AFJ - assuming that you have an exposure cap by sector or sub-sector (e.g. max x% to equity index futures or max y% cap to European equity index futures), it probably makes sense to allocate to as many markets as possible within each sector/sub-sector subject to account size constraints (i.e. an investor would obviously not be able to trade 20 equity index futures in a $500K account).

I ran a test using a simple dual moving average system (150/300) on a portfolio of 51 global index futures markets (both active and inactive markets were included - see list below).

Other key points:
- Position-sizes were volatility-adjusted
- Slippage of 15% and roll slippage of 10%
- Test ran from 1980-03-31 to 2006-10-31

Chart interpretation:
1 - The lower chart represents total equity (log)
2 - The second chart from the bottom represents the total number of available equity index future markets (i.e. active markets)
3 - The second chart from the top represents the net position of all active equity index future markets (e.g. if 10 markets were long and 5 markets were short, the net position would be 5)
4 - The top chart (and most interesting) represents the percentage of Equity Index Markets positioned in the same direction (e.g. if the total number of available equity index future markets was 10, 3 of these markets were long and 4 were short, the percentage would be ABS[3-4]/10 or 10%)

As can be seen, with a basic stop-and-reverse long-term trend-following system there appears to be a fair amount of diversity even in the most correlated of sectors. I imagine that the amount of diversity would be even greater if individual equities are used instead of (or along with) equity index futures due to the introduction of nonsystematic risk.
[EDIT: it is probably best to focus on the >=1991 period since prior to 1991, fewer than 10 equity index futures markets were available]

Svquant - have you come across many papers that describe volatility pumping from a practical perspective? I have heard rumors that Renaissance may use this reallocation method.
Attachments
ScreenHunter_001.jpg
Index futures markets included in portfolio
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svquant
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Post by svquant » Tue Mar 27, 2007 1:30 pm

Nickmar - nice work. I fully agree that with individual equities will get more diversification. One caveat to watch for in going down this road is too large a sector bet depending on account equity. You don't want to have all oil stocks in the portfolio based on momentum. Using indexes forces this not to occur based on the index make up. It is even better when we look at this world wide like you did since different indexes have different sector weights, i.e. US S&P vs Aussie S&P.

You are correct that many (all?) of the papers on volatility pumping are academic in nature vs practical. Some are much more reasonable in terms of estimating the rebalancing costs etc but still a little short on real implementation. On the other hand many of the published academics in this area are consulting to or part of hedgefunds so perhaps there is a practical aspect that remains unpublished.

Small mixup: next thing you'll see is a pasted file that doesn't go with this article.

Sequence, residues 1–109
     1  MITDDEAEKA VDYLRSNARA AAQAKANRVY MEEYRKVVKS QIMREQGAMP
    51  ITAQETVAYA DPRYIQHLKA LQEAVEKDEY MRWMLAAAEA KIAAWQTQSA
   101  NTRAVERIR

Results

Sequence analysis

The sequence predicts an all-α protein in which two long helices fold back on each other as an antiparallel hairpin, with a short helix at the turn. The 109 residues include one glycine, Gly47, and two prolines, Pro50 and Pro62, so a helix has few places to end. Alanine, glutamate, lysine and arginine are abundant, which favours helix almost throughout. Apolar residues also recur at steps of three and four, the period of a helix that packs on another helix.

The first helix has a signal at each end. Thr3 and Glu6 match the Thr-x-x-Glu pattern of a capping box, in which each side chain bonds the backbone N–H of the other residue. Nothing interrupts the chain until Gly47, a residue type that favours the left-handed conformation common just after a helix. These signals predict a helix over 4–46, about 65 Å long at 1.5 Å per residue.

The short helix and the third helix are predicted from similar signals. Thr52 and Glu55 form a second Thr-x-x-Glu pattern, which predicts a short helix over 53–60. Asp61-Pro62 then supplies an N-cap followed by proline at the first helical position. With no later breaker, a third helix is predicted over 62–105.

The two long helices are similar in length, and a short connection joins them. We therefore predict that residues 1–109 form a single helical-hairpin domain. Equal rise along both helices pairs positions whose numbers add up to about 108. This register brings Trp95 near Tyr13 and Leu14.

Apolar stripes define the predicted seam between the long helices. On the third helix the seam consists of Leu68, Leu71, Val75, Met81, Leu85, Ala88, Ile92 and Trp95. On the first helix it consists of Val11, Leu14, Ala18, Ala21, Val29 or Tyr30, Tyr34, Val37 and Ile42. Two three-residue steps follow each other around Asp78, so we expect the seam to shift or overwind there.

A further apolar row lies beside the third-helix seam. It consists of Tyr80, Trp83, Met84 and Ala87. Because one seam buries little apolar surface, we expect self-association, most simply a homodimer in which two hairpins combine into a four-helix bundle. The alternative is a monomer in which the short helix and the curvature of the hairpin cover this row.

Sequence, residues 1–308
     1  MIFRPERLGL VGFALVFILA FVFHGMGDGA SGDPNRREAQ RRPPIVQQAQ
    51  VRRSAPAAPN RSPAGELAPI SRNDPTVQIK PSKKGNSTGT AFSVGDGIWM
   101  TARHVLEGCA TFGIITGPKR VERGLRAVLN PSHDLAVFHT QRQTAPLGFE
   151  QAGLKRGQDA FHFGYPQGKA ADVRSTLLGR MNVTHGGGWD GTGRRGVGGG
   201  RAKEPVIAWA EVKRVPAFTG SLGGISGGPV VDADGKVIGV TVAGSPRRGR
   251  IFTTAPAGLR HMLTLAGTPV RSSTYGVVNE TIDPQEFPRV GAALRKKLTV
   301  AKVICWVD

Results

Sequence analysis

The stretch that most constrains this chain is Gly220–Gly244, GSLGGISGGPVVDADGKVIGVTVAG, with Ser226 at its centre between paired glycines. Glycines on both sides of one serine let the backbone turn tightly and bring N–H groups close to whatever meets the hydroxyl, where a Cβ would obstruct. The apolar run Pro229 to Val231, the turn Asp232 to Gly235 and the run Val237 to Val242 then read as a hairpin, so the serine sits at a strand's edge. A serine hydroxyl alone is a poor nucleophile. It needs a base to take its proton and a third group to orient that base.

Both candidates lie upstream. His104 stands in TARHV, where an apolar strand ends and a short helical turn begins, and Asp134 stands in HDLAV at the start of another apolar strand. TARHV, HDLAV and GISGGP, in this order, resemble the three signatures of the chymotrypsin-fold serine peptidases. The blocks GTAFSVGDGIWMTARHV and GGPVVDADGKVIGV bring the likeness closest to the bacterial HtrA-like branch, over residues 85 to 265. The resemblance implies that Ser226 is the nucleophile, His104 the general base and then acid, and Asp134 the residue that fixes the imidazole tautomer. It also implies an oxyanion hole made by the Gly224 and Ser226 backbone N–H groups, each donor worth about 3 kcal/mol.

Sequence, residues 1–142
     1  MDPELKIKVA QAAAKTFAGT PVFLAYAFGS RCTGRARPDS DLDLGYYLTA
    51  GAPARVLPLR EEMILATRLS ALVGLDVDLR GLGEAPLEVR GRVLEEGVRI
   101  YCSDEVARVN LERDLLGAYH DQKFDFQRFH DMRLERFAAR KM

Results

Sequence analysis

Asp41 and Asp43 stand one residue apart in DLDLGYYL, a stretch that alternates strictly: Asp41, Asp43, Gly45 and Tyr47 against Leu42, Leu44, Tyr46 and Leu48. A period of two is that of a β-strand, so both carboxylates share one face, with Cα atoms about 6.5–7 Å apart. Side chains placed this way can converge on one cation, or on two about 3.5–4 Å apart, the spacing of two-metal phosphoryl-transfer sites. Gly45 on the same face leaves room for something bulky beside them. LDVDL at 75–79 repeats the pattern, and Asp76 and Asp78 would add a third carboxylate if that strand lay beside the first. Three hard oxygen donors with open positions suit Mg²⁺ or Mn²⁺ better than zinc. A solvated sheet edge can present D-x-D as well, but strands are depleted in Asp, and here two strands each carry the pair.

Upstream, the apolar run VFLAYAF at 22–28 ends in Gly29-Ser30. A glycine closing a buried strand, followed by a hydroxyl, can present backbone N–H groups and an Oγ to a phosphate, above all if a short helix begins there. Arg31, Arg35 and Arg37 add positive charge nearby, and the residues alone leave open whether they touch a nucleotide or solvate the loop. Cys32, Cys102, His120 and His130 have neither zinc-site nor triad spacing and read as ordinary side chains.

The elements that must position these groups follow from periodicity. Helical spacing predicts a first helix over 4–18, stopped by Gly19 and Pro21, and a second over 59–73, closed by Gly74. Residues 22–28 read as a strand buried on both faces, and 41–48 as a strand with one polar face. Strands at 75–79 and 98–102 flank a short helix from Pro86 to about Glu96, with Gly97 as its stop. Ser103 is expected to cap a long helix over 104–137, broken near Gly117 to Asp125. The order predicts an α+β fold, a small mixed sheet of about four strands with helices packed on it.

As for RenTec - my info tells me they do not use vol-pump especially as commonly described in academic papers. Of course this could have changed over time since I do not have first hand knowledge of their methods.

Regards,
Marc

AFJ Garner
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Post by AFJ Garner » Tue Mar 27, 2007 3:12 pm

Nickmar, I am a great admirer of your excellent charts and am in agreement with your thoughts. I do indeed intend to take on more individual contracts within all sectors in due course, subject to overall limits per sector. And it will certainly include such exotica as rubber, maize, palm oil, exotic currency pairs and so forth.

My thinking on cash equities is along the same lines. Were I working with others, I would undoubtedly use individual equities. I had long and useful chats with an eccentric Wizard whose thinking is much the same.

However, it is going to be much easier to work with the now very large number of country and sector specific ETFs. Including Reits and Bonds. And even some of the more exotic passive index based products (after very careful reading of the relevant prospectus, monitoring performance and tracking error, expense ratios and so forth).

The advantage of working with ETFs, in building a diverse international portfolio, is the avoidance of having to deal with the myriad of dividend receipts, capital distributions/changes and so forth which using individual equities would involve. Not to mention the placing and monitoring of a multitude of trades across a plethora of currencies.

Once again it occurs to me what a very useful (and indeed unique) resource this forum is for a frank and hopefully mutually useful sharing of ideas.